Julia Margaret Cameron: The Complete Photographs
By Julian Cox and Colin Ford, with contributions by Philippa Wright and Joanne Lukitsh
Reveals the life and works of the renowned British photographer living at the height of the Victorian era. For the first time, all known images by Cameron are gathered together in this 576-page catalogue raisonné.
Julia Margaret Cameron: A Critical Biography
By Colin Ford
This 212-page biography casts new light on the artist’s links with the leading cultural figures of her time and on the techniques she used to achieve her distinctive style.
In Focus: Julia Margaret Cameron
Photographs from the J. Paul Getty Museum
The first volume in the In Focus series to examine the work of a 19th-century photographer, In Focus: Julia Margaret Cameron examines her passion for the "divine art" and "deeply seated love of the beautiful" that are clearly revealed by her compelling pictures.
UPCOMING PHOTOGRAPHS EXHIBITIONS
Recent Acquisitions: Eugène Atget, Brett Weston, William Garnett, Milton Rogovin
February 3–May 30, 2004
This exhibition features four photographers whose work the Museum has recently acquired by gift or purchase. Included will be Atget's haunting garden views and Parisian street scenes, modernist cityscapes by Weston, abstract landscapes by Garnett, and Rogovin's documentary survey of the world's coal miners. These four major figures of 20th-century photography are also exemplars of the Museum's active and varied program of collecting photographs. While providing insight into the working methods of these important and influential photographers, the exhibition will simultaneously highlight the diverse manners in which their work entered the Getty's collection.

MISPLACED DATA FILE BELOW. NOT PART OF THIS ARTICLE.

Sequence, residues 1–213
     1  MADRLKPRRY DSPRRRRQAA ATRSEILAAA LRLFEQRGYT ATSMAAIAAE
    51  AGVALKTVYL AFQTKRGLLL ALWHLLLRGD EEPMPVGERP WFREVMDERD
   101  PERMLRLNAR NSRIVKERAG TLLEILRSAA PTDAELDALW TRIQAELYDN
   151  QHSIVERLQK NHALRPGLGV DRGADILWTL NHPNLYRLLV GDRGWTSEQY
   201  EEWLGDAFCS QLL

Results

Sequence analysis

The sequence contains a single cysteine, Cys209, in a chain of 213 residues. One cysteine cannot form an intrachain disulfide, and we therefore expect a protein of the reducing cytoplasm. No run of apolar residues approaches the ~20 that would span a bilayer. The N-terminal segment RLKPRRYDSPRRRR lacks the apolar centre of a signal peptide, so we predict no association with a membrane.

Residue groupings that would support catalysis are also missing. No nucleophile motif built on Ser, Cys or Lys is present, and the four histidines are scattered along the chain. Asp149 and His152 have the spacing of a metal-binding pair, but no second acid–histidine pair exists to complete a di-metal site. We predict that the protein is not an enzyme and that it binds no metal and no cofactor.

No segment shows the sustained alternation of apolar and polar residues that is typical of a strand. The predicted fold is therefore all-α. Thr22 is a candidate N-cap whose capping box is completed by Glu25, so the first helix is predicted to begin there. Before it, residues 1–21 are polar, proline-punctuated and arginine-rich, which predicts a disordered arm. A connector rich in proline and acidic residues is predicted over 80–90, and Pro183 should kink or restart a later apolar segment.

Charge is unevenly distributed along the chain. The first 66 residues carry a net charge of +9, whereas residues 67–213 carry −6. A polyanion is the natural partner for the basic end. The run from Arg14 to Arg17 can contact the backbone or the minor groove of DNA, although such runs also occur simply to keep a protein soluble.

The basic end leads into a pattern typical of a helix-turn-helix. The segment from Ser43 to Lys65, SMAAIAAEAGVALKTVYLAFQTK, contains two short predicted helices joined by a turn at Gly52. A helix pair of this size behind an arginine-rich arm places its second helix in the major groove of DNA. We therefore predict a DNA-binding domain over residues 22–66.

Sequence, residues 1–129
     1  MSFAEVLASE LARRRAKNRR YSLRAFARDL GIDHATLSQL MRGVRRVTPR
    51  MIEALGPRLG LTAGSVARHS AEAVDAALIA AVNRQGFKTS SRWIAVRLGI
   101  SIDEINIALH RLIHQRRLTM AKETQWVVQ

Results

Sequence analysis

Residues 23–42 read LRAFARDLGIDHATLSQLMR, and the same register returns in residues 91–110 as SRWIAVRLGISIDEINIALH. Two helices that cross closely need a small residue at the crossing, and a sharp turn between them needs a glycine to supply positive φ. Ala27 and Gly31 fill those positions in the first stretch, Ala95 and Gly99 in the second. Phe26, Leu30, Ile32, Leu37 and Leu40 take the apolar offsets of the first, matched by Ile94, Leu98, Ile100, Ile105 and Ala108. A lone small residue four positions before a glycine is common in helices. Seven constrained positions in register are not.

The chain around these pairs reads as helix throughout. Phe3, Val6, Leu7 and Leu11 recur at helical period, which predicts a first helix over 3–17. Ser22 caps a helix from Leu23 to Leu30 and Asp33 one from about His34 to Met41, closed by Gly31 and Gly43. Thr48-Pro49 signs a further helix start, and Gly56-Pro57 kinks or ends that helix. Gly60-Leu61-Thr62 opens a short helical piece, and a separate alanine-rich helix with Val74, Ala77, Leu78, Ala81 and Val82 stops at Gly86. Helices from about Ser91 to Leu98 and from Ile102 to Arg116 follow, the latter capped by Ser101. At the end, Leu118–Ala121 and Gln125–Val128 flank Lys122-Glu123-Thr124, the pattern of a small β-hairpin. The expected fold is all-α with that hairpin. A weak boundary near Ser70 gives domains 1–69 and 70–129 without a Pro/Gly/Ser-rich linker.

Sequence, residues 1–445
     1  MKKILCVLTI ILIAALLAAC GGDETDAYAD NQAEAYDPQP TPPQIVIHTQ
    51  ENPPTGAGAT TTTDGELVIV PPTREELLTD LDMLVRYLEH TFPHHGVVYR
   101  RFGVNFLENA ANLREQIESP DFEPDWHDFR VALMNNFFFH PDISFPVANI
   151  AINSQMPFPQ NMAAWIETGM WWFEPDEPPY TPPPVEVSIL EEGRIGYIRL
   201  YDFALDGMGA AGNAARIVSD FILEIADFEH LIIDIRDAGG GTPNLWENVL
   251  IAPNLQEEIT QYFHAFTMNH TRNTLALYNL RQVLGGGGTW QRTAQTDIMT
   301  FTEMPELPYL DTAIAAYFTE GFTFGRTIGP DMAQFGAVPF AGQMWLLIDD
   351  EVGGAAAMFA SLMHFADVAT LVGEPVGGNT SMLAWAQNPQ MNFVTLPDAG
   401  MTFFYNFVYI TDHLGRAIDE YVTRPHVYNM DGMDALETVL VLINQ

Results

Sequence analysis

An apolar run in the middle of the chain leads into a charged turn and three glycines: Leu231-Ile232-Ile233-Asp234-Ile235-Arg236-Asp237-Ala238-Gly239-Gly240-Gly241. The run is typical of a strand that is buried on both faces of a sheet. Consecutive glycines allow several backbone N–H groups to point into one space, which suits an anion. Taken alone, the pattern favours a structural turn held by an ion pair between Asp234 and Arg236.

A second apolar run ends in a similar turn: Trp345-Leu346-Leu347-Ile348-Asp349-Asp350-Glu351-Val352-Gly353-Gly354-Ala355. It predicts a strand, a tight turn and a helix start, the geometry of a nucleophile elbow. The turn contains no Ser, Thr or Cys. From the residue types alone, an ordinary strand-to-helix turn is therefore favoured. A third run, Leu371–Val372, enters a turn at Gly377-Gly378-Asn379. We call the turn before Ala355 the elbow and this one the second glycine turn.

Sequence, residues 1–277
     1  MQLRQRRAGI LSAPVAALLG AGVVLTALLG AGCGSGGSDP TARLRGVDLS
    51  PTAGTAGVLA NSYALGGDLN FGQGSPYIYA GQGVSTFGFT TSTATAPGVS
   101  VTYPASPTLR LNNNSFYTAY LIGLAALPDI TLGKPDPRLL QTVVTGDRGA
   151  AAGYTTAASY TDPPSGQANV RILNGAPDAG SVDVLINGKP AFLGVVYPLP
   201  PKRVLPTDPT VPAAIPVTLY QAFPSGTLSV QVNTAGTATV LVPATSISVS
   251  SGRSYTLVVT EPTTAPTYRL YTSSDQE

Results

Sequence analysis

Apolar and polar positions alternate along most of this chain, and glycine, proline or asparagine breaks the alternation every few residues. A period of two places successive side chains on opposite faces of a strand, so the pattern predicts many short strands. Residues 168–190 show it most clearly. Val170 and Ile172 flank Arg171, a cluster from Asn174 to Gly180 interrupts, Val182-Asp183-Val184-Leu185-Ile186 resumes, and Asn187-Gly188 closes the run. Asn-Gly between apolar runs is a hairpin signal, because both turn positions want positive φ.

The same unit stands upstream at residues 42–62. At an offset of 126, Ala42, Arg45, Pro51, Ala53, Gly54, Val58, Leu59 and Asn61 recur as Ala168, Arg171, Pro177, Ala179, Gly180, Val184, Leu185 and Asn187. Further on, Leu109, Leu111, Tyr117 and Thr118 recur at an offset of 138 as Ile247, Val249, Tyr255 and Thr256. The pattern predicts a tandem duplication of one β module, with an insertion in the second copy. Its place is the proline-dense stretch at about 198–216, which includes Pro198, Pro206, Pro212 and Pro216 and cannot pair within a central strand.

Photographers of Genius at the Getty
March 16–July 25, 2004
Photographers of Genius at the Getty presents the work of innovative photographers who profoundly influenced their contemporaries and succeeding generations of artists. Coinciding with the 20th anniversary of the department of photographs, the exhibition will include selected prints by three dozen photographers whose work is held in depth by the Museum, among them William Henry Fox Talbot, Julia Margaret Cameron, Carleton Watkins, Eugène Atget, Alfred Stieglitz, Walker Evans, and Diane Arbus. The photographs date from the earliest years of the new medium in Europe to America of the 1960s. Many of the individual photographs are icons, widely reproduced in histories of art and photography, while others have exerted a more subtle influence. The exhibition, drawn entirely from one of the Museum's newest but richest collections, illuminates how art moves continuously forward as photographers of one generation stand on the shoulders of their precursors, thus advancing pre-existing visual ideas to a new level of expression.
Points of Synthesis: Photographs by Edmund Teske (working title)
June 15–September 19, 2004
This will be the first comprehensive retrospective of the photographs of Edmund Teske (1911–1996), one of the unheralded alchemists of 20th-century American photography. Over a 60-year period Teske created a diverse and influential body of work. The majority of the approximately 115 photographs on view have never been published or exhibited, including a series of exquisitely crafted contact prints from the 1930s that reveal Teske's artistic origins as a social documentarian. Also featured are richly evocative figure studies, rhapsodies on nature, views of Frank Lloyd Wright's architecture, studies in abstraction, and portraits of Hollywood actors and musicians. The exhibition is accompanied by a 225-page publication, with more than 100 illustrations, which should become the standard monograph on the artist.
Note to Editors: Images available upon request.
For more information, the public can call 310-440-7300 or visit www.getty.edu.